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FRIDAY, Dec. 3 (HealthDay News) -- Several easily measured demographic and clinical factors, along with two biochemical values, can be used for predicting gestational diabetes mellitus (GDM) in women in their first trimester of pregnancy, according to research published in the December issue of Diabetes.
Makrina Savvidou, M.D., of the Chelsea and Westminster Hospital in London, and colleagues analyzed first-trimester data from 124 women who developed GDM and 248 controls who remained free of the condition. The researchers gathered data on a number of demographic, clinical, and biochemical factors in the women. Women underwent screening for GDM during the second trimester.
The researchers found that maternal age, gestational age at sampling, body mass index, race, family history of diabetes, and prior GDM predicted GDM with area under the receiver-operating characteristic curve (AUC-ROC) of 0.824. Including elevated tissue plasminogen activator and low high-density lipoprotein cholesterol improved the AUC-ROC to 0.861.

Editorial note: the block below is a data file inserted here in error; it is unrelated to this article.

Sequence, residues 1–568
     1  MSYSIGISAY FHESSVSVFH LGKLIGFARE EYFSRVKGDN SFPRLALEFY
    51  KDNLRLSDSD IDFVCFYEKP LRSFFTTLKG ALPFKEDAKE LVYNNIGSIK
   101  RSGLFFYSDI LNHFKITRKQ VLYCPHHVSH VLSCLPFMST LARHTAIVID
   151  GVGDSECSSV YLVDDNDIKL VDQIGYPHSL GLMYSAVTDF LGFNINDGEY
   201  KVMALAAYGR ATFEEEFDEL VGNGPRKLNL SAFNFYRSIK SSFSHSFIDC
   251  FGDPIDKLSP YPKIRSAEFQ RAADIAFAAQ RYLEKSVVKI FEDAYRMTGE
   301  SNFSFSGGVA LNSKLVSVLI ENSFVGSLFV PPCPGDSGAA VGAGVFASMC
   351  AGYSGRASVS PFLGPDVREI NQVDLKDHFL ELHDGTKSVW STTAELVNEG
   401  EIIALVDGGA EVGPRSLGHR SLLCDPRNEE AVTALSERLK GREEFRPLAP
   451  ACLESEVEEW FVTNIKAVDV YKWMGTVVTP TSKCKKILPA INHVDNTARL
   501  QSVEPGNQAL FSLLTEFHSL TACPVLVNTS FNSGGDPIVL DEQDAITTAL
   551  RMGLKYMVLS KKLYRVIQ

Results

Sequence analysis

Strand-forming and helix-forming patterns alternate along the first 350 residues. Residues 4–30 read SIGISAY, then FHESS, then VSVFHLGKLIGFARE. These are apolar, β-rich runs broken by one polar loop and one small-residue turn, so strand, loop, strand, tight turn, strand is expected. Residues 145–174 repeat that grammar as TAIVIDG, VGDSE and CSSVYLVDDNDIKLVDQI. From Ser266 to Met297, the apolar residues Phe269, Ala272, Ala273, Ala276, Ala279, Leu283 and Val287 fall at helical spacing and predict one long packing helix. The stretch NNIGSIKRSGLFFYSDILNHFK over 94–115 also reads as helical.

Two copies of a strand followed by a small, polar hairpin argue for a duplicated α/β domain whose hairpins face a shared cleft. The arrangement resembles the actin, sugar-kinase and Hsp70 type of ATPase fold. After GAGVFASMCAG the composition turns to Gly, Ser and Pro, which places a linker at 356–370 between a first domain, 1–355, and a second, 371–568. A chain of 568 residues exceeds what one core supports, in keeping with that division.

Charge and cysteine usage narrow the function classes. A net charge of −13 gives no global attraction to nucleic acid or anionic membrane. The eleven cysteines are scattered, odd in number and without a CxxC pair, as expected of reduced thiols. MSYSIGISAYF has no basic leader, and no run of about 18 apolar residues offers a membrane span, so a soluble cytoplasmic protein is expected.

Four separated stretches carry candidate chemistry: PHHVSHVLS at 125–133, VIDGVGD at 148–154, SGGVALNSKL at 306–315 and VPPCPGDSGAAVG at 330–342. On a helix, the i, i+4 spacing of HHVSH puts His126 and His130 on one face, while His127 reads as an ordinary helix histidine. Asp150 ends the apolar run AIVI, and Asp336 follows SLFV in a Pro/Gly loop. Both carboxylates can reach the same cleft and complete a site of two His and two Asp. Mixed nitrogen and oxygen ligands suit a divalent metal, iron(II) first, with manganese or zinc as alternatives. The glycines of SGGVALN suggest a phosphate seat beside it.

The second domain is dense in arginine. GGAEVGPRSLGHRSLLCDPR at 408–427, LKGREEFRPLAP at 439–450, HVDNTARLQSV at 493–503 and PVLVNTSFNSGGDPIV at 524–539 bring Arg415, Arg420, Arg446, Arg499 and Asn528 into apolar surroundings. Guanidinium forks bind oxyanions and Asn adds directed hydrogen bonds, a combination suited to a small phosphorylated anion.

"Our results suggest further development, and potential clinical application of risk algorithms for GDM in a range of populations, is possible. Such work should therefore be prioritized, especially at a time of rising obesity levels and changing diagnostic criteria for GDM, factors which in combination will substantially increase the number of women with this condition," the authors conclude.
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